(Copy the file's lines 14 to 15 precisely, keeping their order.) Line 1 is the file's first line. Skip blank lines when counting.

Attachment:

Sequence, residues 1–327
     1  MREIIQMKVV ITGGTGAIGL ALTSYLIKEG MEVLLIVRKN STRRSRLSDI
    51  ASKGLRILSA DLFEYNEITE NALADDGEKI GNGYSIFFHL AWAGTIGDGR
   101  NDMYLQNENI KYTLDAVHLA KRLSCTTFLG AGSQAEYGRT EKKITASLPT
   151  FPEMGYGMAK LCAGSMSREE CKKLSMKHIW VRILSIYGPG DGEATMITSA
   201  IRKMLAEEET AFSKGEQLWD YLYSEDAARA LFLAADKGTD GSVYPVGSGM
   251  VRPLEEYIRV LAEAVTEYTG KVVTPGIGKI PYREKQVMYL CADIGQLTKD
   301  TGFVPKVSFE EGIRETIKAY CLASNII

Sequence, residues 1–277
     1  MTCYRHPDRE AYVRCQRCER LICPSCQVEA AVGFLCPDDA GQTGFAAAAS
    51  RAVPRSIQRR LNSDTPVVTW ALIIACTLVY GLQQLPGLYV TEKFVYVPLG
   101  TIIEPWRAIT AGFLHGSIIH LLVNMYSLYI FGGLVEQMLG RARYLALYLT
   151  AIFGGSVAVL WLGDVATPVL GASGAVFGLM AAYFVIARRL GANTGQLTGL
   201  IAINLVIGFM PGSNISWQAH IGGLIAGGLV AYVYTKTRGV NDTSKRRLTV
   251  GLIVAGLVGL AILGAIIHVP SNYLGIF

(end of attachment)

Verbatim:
   201  IAINLVIGFM PGSNISWQAH IGGLIAGGLV AYVYTKTRGV NDTSKRRLTV
   251  GLIVAGLVGL AILGAIIHVP SNYLGIF